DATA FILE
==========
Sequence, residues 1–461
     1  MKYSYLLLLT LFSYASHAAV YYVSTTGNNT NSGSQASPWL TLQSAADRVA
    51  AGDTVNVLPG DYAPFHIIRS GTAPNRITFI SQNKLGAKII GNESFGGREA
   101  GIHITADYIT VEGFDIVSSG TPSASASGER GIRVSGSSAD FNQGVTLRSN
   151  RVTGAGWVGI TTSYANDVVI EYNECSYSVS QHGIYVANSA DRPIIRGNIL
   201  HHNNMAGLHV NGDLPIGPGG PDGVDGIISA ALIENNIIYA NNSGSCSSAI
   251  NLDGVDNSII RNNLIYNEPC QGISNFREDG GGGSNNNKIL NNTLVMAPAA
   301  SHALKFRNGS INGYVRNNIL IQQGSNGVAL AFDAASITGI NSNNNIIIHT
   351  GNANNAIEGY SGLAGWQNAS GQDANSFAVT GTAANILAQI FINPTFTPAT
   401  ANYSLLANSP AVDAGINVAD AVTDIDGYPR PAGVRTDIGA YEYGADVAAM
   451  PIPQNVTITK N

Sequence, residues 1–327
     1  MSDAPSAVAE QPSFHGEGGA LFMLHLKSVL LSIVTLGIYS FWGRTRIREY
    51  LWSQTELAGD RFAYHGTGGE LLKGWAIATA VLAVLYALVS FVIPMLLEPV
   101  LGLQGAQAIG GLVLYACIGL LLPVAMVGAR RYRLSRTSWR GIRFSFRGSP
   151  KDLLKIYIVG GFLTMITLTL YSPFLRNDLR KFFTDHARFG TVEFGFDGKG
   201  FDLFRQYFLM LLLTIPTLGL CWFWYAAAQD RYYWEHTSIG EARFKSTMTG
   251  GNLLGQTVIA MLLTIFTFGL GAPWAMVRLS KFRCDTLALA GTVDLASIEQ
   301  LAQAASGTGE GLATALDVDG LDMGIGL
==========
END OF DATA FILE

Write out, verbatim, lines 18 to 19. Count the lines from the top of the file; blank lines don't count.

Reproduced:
   251  GNLLGQTVIA MLLTIFTFGL GAPWAMVRLS KFRCDTLALA GTVDLASIEQ
   301  LAQAASGTGE GLATALDVDG LDMGIGL